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What do you think is the best cross platform ide or the one that has the biggest potential in the future? Actually right now, the question is which is the right one for me?
I have a project in c++ with some java frontend sources. I want support for multiple compilers, integrated debugging and preferabbly profiling as well. I also want to be able to either directly read or import Visual C++ (dsp) projects. I have narrowed down my choices to the following which I have all tried except #3 and #4.
BTW, when I mention other compiler, I specifically refer to Intel C++ and the free Microsoft C++ toolkit compiler. The alternative debugger I'm referring to is the one that comes with Microsoft's debugging tools (free).
1. Visual C++ 6. No introduction needed. This is what I have used all along. Problems:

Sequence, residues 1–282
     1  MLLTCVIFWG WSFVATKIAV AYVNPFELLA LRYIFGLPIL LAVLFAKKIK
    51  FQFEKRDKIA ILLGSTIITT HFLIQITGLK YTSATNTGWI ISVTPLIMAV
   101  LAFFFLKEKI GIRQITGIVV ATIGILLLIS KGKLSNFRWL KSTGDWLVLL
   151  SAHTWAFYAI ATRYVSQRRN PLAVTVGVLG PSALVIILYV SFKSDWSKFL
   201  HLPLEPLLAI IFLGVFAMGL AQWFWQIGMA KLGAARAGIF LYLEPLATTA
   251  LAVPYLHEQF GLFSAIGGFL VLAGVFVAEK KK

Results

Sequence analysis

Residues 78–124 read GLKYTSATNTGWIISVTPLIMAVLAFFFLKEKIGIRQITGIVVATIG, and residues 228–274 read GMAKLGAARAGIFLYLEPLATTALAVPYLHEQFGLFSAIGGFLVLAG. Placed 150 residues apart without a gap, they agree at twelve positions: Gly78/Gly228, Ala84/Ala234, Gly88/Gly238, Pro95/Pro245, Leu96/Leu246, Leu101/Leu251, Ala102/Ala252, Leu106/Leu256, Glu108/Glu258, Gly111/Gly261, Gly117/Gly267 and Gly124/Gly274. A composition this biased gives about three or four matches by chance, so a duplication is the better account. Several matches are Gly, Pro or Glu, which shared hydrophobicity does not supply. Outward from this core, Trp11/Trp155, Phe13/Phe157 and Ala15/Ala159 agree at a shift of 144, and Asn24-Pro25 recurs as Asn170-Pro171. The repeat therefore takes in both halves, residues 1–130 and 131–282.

i. Costs $$$
2. Eclipse. Yes, I know anyone worth their knowledge in Unix/C won't like Java (perfect language for the relative idiots that today's institutions are turning out, no offense), but Eclipse is cross platform and allows integrated debugging. Problems:
i. Only works with gcc. To use anything else, you have to write your own makefile. (maybe new plugins might change that).
ii. Only works with gdb. (again plugins might help).
3. Good old emacs. I've heard people say emacs is a kitchen sink and more. Does this mean that I can setup configurations to work with any compiler,
4. KDevelop or Anjuta. My bets are on KDevelop, but it also requires kde which I don't want to install on Windows.
You can try Magic C++ instead. A handy visual remote Unix and Linux C/C++ IDE under windows. You can edit the source codes and debug it handily with this VC++ like IDE :-). It supports CVS and visual HTML format man page online help also. Server component source code is open to offer support for various UNIX/Linux platform requests.